Nontenured faculty asks School of the Art Institute to recognize union

Non-tenure track faculty members at the School of the Art Institute of Chicago have asked the school board to voluntarily recognize their union.

A “strong majority” of the faculty’s bargaining unit, which includes about 600 faculty and faculty at the school, have signed union authorization cards, members of the faculty’s organizing committee said in a letter to school president Elissa Tenny on Wednesday.

Associate professors and lecturers from the school rallied outside the museum late Wednesday afternoon, demanding job security, higher wages and health insurance for lecturers teaching without them.

“We’re adding our hard work and strong voices to a whole movement that’s swelled across the country,” said Elena Ailes, an assistant professor at the school who teaches sculpture and foundation courses in the first year.

“We emphasize the idea that teaching is work, cultural work is work, arts educators and cultural workers are workers and our work has value,” Ailes said.

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“There are so many of us that if we took a day off, this school wouldn’t work,” said Anjulie Rao, an associate professor who teaches architecture, interior design and designed objects, and art journalism in the faculty. “Yet they treat us like the most expendable employees they have. We are teacher gig workers.”

Art Institute workers formed the city’s first major museum union when they voted for Union 142-44 in January. The museum school staff soon followed, voting 115 to 48 for the union. If the private lecturer manages to organize itself in a union, it would form a third separate bargaining unit under the umbrella of the union.

If the school does not voluntarily recognize the union, the faculty will file an election with the National Labor Relations Board. Workers would then need a simple majority to organize.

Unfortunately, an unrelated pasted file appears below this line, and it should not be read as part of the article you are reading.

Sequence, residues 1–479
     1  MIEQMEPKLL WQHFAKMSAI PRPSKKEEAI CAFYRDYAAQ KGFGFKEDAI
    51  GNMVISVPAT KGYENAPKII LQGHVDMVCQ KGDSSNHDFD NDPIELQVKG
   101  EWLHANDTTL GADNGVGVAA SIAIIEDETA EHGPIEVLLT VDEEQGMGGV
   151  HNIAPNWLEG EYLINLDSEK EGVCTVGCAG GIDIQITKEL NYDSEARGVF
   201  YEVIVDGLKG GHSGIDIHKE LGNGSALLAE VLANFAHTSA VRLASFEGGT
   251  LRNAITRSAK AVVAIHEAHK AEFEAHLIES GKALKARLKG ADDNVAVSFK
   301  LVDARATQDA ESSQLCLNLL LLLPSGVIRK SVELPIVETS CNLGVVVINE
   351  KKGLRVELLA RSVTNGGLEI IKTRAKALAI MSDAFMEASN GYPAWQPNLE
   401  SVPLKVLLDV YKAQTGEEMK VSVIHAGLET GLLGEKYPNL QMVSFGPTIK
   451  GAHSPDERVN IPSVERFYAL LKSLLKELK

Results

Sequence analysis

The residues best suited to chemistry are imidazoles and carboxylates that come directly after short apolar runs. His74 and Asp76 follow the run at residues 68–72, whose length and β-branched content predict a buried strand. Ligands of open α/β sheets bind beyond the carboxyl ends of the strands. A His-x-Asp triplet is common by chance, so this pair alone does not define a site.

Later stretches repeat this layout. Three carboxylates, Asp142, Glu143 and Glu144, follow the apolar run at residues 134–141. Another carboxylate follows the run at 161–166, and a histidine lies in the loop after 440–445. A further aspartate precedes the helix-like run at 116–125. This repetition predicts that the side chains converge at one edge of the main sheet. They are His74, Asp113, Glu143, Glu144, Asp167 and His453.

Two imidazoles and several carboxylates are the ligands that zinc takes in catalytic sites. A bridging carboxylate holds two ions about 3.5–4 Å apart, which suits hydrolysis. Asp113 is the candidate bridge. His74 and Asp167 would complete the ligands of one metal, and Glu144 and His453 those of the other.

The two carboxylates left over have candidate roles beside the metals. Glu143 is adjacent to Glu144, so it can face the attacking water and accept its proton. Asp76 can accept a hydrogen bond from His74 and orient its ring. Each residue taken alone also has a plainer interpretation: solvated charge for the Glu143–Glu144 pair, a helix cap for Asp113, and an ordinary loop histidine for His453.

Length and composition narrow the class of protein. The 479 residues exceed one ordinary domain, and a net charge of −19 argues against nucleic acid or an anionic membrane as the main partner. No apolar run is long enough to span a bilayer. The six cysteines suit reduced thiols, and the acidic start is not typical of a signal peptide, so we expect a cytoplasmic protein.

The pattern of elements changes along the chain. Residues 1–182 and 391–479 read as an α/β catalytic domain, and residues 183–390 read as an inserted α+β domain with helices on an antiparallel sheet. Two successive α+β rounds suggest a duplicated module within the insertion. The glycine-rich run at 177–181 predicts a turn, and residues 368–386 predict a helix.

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In a statement, SAIC Communications Director Bree Witt said unionizing is a decision that faculty will make “individually and collectively.”

“If a union is elected, we look forward to working with the negotiating team,” Witt said.

Ald. Susan Sadlowski Garza, 10, spoke out in favor of the faculty union on Wednesday, as did Rep. Delia Ramirez, who is running for Congress.

“We know this school has a top notch reputation and that’s because of all of you here,” Ramirez said. “But the administration doesn’t recognize everything you do.”

SAIC non-tenure track faculty members first announced their intention to unionize in May. Nearly 200 school staff and faculty signed an open letter announcing the union campaign and describing their working conditions as “unbearable”. The school’s two-tier pay and benefit system creates a “permanent underclass of conditional teachers,” they wrote.

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In May, school president Tenny and Provost Martin Berger said in an email to part-time faculty that they “do not believe unionization is in the best interests of the faculty or the school” but would negotiate with a union if one were elected.

If non-tenure-track faculty succeeds in forming a union, it will more than double the size of the Art Institute of Chicago Workers United, which currently represents about 500 workers. Members of the union include museum curators, retail employees, librarians and caretakers, as well as academic advisers, administrative assistants and the school’s mailroom clerks.

The workers would be represented by the American Federation of State, County and Municipal Employees, which represents the unionized museum and school workers along with other public sector workers across the country, including the Chicago Public Library. In recent years, museum workers, including the Los Angeles Museum of Contemporary Art and the Philadelphia Museum of Art, have also unionized with the AFSCME.

After gathering on the steps of the Art Institute on Wednesday, faculty members and supporters marched to the Sharp Building, a campus building where President Tenny is said to be hosting a school event.

“What is rude? Poverty wages,” they chanted in front of the building.

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